Software Nuggets

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Software Testing Primer

Article Index
Software Testing Primer
Waterfall Software Development
Other Models of Software Development
Testing in the Software Development Lifecycle
The Testing Mindset
Test Early, Test Often
Regression vs. Retesting
White-Box vs Black-Box testing
Verification and Validation
Functional Testing
Alpha and Beta Testing
White Box Testing
Unit, Integration and System testing
Acceptance Testing
Test Automation
Testing the design
Usability Testing
Performance Testing
The Purpose of Test Planning
Risk Based Testing
Test Plan Summary
Test Scripting
Test Cases
Test Execution
Defect Management
Release Control
Verification and Smoke Testing
Release Notes
All Pages

The Need for Testing




My favourite quote on software, from Bruce Sterling's “The Hacker Crackdown” –

The stuff we call "software" is not like anything that human society is used to thinking about. Software is something like a machine, and something like mathematics, and something like language, and something like thought, and art, and information.... but software is not in fact any of those other things. The protean quality of software is one of the great sources of its fascination. It also makes software very powerful, very subtle, very unpredictable, and very risky.

Some software is bad and buggy. Some is "robust," even "bulletproof." The best software is that which has been tested by thousands of users under thousands of different conditions, over years. It is then known as "stable." This does NOT mean that the software is now flawless, free of bugs. It generally means that there are plenty of bugs in it, but the bugs are well-identified and fairly well understood.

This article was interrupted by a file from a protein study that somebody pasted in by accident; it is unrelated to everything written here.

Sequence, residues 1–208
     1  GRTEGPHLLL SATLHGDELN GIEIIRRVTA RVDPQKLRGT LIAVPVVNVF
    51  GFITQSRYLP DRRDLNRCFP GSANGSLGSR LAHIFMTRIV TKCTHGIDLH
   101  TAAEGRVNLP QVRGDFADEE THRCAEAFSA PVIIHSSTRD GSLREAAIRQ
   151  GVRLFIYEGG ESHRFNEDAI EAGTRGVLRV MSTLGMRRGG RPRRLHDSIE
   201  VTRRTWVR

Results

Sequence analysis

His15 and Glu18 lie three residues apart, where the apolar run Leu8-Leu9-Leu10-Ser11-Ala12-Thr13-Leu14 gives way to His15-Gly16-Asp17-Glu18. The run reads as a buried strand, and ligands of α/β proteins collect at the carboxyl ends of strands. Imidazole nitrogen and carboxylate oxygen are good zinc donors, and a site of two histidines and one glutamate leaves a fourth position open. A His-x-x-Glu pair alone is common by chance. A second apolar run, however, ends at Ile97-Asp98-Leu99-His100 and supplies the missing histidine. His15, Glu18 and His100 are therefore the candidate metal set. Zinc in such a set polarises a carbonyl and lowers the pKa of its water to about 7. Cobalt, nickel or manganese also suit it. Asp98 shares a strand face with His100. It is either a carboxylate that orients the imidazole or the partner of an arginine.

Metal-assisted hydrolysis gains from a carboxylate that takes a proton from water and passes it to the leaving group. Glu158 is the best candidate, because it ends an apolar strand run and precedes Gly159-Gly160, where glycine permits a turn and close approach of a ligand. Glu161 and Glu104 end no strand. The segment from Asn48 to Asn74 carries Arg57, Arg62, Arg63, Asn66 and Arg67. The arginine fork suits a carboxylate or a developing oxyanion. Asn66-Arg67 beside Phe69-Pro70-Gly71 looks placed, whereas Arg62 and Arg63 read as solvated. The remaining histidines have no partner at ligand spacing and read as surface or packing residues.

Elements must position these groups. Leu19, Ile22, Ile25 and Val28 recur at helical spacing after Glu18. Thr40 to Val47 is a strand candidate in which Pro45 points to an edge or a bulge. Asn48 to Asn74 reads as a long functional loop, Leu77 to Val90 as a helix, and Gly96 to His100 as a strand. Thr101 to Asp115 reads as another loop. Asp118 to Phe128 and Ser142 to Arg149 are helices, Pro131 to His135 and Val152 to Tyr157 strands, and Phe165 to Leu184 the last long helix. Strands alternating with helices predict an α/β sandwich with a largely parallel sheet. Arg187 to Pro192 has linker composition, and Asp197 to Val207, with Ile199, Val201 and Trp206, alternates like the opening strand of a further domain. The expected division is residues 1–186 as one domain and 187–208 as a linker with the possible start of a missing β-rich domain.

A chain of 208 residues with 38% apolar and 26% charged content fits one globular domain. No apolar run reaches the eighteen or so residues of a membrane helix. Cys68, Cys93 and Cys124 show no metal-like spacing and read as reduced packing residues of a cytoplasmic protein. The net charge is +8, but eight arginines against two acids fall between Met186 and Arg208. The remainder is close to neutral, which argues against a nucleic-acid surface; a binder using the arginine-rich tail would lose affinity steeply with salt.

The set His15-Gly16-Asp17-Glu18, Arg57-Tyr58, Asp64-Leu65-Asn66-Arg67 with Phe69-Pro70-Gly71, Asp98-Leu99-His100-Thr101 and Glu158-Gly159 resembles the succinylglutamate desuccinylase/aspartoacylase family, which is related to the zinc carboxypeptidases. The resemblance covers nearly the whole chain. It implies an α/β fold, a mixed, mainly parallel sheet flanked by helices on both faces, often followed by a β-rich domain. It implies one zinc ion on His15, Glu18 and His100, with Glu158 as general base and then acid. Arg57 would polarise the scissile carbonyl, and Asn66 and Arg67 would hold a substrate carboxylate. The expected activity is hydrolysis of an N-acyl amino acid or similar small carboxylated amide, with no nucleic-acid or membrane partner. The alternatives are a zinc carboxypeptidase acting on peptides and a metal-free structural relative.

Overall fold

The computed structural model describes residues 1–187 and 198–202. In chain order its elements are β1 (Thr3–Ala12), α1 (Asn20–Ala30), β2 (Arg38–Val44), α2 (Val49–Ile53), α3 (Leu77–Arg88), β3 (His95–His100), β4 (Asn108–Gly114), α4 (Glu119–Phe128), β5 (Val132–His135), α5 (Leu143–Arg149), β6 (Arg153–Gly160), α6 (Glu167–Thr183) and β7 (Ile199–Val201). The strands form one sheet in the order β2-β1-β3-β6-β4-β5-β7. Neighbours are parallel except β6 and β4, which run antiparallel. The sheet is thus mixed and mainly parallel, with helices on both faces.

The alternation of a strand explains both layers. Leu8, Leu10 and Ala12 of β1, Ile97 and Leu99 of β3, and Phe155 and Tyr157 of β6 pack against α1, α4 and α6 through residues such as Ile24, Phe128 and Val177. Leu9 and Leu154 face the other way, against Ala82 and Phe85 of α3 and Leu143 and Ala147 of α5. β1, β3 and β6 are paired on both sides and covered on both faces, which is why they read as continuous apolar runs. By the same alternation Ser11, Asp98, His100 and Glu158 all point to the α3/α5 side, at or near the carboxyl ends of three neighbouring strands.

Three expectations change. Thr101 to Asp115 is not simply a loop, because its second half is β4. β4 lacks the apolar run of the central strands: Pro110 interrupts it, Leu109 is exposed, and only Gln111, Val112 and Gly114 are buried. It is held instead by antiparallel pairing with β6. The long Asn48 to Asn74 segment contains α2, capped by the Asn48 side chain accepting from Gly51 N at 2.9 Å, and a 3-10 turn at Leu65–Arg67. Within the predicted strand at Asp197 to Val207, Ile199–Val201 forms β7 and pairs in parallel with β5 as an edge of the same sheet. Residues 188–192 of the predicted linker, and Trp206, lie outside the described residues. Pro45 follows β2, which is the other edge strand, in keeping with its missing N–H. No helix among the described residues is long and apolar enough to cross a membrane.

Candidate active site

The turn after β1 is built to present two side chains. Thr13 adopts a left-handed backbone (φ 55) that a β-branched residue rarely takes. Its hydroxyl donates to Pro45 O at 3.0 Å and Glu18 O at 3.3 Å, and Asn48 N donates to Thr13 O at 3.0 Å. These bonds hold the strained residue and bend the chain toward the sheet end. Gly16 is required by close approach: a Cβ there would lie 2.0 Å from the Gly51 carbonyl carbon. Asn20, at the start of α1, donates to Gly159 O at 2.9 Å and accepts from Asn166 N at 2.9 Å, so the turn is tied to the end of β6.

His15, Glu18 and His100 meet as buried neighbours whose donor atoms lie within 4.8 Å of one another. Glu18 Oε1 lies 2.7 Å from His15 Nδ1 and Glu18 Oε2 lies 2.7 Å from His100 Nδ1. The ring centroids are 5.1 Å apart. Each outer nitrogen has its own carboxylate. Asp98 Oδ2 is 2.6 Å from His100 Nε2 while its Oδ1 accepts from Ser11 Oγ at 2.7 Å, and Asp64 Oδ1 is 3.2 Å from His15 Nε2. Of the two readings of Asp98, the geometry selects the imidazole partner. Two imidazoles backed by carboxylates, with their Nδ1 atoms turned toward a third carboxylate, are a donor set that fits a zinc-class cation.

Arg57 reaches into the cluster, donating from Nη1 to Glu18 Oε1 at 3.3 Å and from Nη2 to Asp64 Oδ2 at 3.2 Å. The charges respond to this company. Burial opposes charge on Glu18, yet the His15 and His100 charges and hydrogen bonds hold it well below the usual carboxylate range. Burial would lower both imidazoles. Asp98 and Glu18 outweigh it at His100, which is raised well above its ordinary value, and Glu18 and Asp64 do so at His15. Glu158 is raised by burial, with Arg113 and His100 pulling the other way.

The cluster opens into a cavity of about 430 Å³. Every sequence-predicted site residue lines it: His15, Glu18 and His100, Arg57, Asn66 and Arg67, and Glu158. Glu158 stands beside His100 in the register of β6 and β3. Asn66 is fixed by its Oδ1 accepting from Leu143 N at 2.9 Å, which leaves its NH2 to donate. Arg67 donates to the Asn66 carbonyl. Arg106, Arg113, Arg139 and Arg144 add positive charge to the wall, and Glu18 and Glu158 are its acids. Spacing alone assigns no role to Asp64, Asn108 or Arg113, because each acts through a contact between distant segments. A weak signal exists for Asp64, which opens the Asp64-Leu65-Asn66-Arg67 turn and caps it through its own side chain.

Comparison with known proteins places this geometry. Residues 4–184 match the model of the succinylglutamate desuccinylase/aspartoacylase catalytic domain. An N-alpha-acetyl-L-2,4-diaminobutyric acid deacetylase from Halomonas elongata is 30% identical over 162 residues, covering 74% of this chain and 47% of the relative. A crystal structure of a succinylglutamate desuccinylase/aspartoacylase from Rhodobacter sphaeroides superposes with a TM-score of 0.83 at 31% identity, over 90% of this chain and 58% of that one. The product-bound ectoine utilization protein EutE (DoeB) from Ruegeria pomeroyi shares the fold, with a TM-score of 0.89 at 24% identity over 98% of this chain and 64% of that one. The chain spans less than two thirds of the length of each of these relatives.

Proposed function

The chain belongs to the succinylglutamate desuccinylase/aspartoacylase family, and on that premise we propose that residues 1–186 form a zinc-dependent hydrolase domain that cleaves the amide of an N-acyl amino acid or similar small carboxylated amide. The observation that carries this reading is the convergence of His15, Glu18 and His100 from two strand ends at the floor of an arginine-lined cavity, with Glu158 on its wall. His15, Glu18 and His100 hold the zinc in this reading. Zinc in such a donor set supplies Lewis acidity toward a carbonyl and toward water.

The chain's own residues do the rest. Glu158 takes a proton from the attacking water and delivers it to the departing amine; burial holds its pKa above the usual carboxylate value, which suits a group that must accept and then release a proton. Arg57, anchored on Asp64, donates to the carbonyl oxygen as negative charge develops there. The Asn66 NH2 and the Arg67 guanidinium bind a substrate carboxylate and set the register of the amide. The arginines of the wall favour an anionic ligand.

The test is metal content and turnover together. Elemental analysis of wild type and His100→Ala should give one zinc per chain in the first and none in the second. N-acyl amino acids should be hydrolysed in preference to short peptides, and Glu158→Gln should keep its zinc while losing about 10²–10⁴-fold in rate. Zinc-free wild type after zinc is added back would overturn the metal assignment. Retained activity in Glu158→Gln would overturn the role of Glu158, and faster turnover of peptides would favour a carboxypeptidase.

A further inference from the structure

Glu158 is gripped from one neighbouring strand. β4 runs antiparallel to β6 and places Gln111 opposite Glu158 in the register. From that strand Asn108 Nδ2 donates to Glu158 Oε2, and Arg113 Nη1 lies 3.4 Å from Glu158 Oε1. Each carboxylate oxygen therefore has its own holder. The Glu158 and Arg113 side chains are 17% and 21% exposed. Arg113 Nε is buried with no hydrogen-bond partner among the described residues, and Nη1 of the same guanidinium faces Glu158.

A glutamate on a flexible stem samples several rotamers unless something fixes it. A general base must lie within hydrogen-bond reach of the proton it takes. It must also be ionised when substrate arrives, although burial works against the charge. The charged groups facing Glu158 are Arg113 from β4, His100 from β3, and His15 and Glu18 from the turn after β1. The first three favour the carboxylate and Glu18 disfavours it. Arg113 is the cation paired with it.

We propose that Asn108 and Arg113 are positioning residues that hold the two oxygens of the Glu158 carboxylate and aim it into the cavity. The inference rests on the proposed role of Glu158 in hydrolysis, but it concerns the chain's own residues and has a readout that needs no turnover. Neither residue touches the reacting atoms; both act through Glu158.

There is simply no way to assure that software is free of flaws. Though software is mathematical in nature, it cannot by "proven" like a mathematical theorem; software is more like language, with inherent ambiguities, with different definitions, different assumptions, different levels of meaning that can conflict.


©Nick Jenkins, 2008

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Software development involves ambiguity, assumptions and flawed human communication. Each change made to a piece of software, each new piece of functionality, each attempt to fix a defect, introduces the possibility of error. With each error, the risk that the software will not fulfil its intended purpose increases.

Testing reduces that risk. We can use QA processes to attempt to prevent defects from entering software but the only thing we can do to reduce the number of errors already present is to test it. By following a cycle of testing and rectification we can identify issues and resolve them.

Testing also helps us quantify the risk in an untried piece of software. After modifications have been made, a piece of software can be run in a controlled environment and its behaviour observed. This provides evidence which informs the decision to move to the next phase of the project or to attempt to rectify the problem.

And finally in some (dare I say enlightened?) software development efforts, testing can actually be used to drive development. By following statistical models of software development and methods such as usability testing, software development can move from an unfocused artistic endeavour to a structured discipline.

This primer will be unashamedly pro-testing. I am, and have been for ten years, a tester. As a tester I have suffered endless indignities at the hands of project managers and development teams that resulted in enormous amounts of stress for myself and my teams.

There are plenty of books written about and for project managers and software developers. This is probably not one of them.


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